Perhaps you've noticed, but competition in the online radio space has heated up lately. This month alone, tech giants Apple Inc. (NASDAQ:AAPL)
and Microsoft Corporation (NASDAQ:MSFT)
released significant updates to their respective online music presences.
So what do these new or updated music services look like, and what are their implications for this growth market?
Apple, of course, was the among the first-movers in digital music when it launched iTunes in 2001, and it recently unveiled the most aggressive advancement to iTunes in some time in its iTunes Radio service, which made its debut in the United States last week.
The service most closely resembles
online radio pioneer Pandora Media Inc (NYSE:P)
. Both services come in free and paid versions, with each company's free version being supported by advertising. However, the pricing differs slightly for the two companies' paid versions. Pandora's streaming service will set you back $36 for an entire year, while iTunes Radio's paid version costs only $25 a year and includes iTunes Match cloud services.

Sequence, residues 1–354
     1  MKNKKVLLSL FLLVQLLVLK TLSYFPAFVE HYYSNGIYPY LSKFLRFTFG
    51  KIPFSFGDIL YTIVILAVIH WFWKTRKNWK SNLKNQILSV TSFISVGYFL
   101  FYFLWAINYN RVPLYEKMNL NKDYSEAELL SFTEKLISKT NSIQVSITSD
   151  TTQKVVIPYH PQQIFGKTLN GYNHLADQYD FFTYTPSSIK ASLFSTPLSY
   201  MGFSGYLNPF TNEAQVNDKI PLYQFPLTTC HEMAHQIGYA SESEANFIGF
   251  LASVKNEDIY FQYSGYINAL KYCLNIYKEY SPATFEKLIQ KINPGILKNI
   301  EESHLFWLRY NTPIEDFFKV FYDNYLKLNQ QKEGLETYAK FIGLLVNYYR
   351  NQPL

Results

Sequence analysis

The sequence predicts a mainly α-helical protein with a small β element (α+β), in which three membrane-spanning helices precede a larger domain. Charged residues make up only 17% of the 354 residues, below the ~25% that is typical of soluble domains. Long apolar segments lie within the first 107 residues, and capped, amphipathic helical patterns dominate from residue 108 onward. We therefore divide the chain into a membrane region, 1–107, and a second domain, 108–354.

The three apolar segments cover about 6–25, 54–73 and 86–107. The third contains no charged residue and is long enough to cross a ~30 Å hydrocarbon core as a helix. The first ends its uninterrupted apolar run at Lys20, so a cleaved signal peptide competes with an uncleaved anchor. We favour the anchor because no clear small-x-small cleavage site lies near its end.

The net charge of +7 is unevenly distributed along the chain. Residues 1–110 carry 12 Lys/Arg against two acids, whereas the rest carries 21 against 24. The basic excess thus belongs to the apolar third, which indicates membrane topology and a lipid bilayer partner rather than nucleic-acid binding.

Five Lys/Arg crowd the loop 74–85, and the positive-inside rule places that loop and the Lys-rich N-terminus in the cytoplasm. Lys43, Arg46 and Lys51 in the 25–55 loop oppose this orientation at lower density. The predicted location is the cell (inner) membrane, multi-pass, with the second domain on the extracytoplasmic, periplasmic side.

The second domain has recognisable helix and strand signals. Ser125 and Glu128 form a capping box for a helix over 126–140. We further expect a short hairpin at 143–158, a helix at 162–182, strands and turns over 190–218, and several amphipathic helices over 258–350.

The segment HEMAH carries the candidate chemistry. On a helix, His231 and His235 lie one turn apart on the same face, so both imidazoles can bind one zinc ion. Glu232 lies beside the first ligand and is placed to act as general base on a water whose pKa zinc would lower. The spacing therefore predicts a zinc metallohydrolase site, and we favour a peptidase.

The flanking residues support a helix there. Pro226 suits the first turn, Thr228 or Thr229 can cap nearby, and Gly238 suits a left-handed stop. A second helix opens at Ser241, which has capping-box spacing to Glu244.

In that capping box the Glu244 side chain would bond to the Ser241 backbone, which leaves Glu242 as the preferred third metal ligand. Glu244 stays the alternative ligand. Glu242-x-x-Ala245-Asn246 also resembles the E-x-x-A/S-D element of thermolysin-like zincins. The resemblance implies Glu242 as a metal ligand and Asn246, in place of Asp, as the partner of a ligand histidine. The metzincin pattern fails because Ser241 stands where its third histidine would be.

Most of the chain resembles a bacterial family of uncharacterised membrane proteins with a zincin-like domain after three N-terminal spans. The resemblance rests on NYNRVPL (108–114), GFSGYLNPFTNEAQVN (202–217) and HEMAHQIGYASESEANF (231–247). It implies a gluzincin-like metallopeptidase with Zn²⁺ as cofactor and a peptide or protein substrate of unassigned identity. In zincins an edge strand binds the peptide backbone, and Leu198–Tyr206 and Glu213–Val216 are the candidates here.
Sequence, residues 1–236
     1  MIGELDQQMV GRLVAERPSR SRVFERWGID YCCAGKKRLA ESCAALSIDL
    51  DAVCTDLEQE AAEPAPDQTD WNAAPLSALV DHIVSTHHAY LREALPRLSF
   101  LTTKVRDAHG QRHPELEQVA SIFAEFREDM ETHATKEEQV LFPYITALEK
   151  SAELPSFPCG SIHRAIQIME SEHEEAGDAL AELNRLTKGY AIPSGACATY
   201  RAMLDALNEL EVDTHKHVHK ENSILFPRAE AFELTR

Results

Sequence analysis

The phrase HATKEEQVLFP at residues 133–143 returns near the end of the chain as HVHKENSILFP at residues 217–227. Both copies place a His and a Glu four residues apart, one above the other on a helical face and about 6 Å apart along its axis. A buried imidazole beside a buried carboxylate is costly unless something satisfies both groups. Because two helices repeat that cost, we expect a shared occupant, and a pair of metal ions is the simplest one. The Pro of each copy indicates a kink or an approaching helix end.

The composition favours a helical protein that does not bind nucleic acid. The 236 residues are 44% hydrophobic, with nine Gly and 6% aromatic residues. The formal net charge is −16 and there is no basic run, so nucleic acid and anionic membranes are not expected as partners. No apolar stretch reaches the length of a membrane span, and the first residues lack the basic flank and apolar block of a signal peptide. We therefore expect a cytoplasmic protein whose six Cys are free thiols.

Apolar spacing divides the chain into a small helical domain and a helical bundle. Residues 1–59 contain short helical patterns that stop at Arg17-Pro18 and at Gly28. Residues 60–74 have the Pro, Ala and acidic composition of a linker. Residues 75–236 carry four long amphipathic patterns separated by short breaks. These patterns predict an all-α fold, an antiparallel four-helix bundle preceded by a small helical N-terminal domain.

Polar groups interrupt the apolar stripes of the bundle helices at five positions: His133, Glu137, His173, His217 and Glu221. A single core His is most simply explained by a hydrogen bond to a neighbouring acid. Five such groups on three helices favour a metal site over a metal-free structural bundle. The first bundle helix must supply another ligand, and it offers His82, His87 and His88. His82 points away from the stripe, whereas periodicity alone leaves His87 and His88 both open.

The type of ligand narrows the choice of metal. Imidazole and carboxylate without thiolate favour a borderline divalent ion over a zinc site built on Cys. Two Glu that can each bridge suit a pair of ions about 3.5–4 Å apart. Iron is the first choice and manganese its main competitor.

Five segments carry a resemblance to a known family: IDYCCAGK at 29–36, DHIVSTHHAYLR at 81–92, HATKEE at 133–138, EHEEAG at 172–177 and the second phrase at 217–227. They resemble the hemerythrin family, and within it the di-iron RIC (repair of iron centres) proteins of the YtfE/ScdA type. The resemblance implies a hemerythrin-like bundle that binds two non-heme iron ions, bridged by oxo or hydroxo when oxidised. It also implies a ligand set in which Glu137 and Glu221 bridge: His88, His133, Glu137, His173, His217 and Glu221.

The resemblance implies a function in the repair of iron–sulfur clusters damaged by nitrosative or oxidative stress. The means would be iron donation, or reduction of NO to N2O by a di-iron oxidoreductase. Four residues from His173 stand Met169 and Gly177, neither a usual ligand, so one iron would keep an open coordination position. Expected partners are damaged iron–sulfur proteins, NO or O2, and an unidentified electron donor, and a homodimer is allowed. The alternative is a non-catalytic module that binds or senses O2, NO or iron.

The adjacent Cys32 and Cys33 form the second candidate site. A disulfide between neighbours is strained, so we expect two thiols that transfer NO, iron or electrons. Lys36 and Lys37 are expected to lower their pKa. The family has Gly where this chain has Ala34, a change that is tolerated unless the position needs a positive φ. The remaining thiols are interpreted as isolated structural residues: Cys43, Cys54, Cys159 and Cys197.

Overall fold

If early indications count for anything, the service stands to become immensely successful. After being released late last week, Apple gave word that iTunes Radio had already registered 11 million users. This is just a fraction of the 575 million iTunes users that already have credit cards linked to their accounts, implying the service's future growth potential could still just be getting under way. No matter how you slice it, though, Apple is clearly doubling down on online music.
Video games meet music
Turning to Microsoft, the software giant launched its Xbox Music service nearly a year ago, but recently took perhaps its most aggressive step to date by making Xbox Music available on both Android and iOS mobile operating systems. And while the odds are against much traction across platforms, its release does indicate that Microsoft is serious about expanding its presence in digital music.
The service itself is something of a hybrid, incorporating both free and paid subscriber tiers. The free streaming service is once again supported by advertisements, but features a cap to user listening hours after six months. Pandora once imposed a 40-hour monthly listening limit for its free users as well, but dropped the restriction last month.